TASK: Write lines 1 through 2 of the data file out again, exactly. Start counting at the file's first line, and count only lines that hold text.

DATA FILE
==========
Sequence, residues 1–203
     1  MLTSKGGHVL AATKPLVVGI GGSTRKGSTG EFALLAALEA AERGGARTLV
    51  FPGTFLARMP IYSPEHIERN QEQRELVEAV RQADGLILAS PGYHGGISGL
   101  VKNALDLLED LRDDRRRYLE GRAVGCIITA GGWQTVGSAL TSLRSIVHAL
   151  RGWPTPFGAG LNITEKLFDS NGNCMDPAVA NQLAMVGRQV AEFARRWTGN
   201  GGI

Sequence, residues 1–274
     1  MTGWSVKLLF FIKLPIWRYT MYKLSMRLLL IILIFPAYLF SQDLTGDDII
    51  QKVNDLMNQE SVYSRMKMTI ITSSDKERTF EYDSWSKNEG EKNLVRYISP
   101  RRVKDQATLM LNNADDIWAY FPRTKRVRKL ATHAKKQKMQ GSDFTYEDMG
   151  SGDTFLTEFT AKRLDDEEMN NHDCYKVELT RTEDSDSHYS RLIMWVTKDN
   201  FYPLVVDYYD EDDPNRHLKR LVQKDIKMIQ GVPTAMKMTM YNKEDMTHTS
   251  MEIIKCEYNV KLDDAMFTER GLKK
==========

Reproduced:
Sequence, residues 1–203
     1  MLTSKGGHVL AATKPLVVGI GGSTRKGSTG EFALLAALEA AERGGARTLV